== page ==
Bobby then  reveals the real  facts behind  Javed’s strange behaviour. It happened that once  while    playing cricket  with friends,  when  the postman  passed by, he  happened to drop  a letter. Noticing it, he requested Javed to hand it over to the addressee next door. Bobby and friends watched the neighbour telling Javed to leave the letter on the wall.  Then the boys watched the man  coming out with a cloth in hand, wiping the letter before picking it up. He also wiped the wall. The postman perceiving it  merely grinned and told the boys the man was cracked. Then the boys could hear the  continuous ringing of  a prayer bell.

The following morning, the neighbour  came out cursing everyone  saying that someone had  dropped pieces of meat and bones into his compound. Bobby never spoke to  Javed about it, but remembered the incident whenever the ringing of the bell occurred while playing cricket. From then on, Javed was no more considered a hero among  his peers.  He knows  that Javed  expressed his disgust for the  Hindu concept of contamination through retaliation.

Bobby eventually began to be angry with Javed whenever he heard the ringing of the bell. He began to pretend that he was not part of  his community by changing  his name to   Bobby from  Baboon. By and by, Ramnik realises his own mistaken viewpoint and finds no difference between him and the  boys.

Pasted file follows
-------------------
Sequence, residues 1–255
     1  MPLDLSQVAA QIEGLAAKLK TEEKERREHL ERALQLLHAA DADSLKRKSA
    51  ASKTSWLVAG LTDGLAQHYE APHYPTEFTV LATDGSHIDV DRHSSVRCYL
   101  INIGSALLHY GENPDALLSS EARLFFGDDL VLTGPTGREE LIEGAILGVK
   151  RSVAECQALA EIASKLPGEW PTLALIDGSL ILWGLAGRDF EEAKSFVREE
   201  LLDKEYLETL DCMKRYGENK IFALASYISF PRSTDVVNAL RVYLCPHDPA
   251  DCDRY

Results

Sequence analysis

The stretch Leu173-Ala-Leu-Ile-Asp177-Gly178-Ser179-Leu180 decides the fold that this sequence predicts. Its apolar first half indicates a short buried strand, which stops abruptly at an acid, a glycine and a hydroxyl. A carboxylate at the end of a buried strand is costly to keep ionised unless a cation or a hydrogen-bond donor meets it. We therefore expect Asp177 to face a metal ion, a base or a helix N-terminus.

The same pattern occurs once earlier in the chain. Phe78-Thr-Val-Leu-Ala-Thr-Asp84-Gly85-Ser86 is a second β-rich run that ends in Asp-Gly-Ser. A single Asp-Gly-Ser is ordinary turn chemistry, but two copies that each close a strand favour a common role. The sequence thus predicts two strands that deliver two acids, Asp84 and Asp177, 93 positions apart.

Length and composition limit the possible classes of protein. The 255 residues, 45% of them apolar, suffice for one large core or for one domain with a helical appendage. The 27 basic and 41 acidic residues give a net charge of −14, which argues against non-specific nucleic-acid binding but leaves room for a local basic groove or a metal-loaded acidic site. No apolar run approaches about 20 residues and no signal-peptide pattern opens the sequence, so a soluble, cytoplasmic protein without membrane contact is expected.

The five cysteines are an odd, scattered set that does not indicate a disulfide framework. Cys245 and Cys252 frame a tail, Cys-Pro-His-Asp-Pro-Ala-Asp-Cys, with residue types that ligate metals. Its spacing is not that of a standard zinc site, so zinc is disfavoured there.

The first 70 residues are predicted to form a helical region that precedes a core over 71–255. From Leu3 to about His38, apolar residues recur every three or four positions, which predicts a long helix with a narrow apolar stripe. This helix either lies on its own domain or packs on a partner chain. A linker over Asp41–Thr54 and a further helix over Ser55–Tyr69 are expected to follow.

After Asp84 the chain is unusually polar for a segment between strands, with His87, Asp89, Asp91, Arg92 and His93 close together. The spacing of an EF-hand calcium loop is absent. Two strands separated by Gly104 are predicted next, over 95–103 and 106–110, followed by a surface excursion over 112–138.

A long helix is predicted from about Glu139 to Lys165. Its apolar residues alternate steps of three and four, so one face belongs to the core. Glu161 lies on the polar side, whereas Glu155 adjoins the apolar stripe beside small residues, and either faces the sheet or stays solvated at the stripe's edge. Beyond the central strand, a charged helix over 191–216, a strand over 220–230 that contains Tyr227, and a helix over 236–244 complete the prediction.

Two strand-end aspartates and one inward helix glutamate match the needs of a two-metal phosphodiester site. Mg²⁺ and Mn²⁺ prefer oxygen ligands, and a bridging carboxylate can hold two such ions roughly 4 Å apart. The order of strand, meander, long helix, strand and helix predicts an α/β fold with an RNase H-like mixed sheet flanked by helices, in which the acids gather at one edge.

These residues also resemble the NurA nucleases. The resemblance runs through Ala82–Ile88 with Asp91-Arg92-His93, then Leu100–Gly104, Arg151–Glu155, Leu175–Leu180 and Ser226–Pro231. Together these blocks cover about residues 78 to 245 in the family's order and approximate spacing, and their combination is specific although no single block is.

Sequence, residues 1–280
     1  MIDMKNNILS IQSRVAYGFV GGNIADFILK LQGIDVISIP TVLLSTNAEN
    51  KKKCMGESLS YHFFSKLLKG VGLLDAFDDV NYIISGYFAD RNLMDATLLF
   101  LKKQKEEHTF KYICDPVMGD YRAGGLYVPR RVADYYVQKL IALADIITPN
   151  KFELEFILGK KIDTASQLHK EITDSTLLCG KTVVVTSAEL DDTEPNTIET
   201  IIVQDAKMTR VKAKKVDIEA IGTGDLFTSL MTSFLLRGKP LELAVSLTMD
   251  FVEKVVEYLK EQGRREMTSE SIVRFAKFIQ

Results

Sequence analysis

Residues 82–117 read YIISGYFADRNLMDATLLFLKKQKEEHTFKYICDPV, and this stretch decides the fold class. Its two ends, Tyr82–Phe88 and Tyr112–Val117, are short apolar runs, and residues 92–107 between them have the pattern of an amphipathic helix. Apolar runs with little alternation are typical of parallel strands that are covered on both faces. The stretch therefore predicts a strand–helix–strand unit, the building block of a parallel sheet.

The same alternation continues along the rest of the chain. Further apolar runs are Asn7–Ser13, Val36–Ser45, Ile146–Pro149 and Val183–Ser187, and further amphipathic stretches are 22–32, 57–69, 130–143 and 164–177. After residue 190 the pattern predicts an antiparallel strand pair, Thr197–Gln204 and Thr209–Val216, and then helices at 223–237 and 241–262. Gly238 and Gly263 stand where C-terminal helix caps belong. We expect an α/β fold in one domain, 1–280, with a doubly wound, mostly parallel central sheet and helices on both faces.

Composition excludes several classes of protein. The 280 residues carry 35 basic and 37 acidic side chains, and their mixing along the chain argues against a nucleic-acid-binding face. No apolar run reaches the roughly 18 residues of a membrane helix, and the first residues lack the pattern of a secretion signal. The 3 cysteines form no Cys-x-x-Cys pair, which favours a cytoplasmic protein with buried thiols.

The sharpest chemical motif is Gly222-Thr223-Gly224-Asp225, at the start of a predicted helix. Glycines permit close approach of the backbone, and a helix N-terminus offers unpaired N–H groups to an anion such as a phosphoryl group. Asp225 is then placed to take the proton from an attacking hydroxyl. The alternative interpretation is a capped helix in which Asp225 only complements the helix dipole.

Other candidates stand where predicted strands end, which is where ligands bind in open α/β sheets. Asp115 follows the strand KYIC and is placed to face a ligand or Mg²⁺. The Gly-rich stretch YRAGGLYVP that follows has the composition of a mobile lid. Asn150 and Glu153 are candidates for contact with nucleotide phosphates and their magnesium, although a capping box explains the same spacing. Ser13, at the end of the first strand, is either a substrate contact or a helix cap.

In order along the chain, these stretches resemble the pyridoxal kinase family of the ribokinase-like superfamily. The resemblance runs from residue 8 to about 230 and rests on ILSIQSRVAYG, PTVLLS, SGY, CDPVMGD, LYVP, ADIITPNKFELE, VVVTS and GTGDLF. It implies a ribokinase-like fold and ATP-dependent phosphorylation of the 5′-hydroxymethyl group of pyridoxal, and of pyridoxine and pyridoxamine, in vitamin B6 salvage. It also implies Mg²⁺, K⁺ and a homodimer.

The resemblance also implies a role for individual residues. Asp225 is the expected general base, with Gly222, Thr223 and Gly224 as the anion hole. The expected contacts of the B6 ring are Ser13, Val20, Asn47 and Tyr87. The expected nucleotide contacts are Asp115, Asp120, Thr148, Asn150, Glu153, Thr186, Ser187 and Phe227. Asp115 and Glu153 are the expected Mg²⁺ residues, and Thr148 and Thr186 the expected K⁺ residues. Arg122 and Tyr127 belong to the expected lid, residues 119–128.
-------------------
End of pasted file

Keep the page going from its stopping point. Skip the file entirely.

The  focus  shifts to Daksha who dances in her room with delight since  she could visit her Muslim friend Zarine. She learnt that her father had suspected that  his shop was burnt down by someone. He had  been discussing something  with his community men  when Daksha  visited  their home one day. They abruptly changed the topic of  their discussion seeing her and  showing  some indifference.  It was only when Zarine’s mother came and welcomed with a smile, she felt  at ease. Daksha spent time with Zarine listening to  Noor Jahan’s songs on the gramophone which her mother-in-law never permitted her at home.

The  spotlight falls on the trio continuing their  argument, as Javed  decided to leave the security of Ramnik’s home in the night itself.   Ramnik threatens Javed that he would hand him over to police  calling him a criminal. Javed retorts  sarcastically: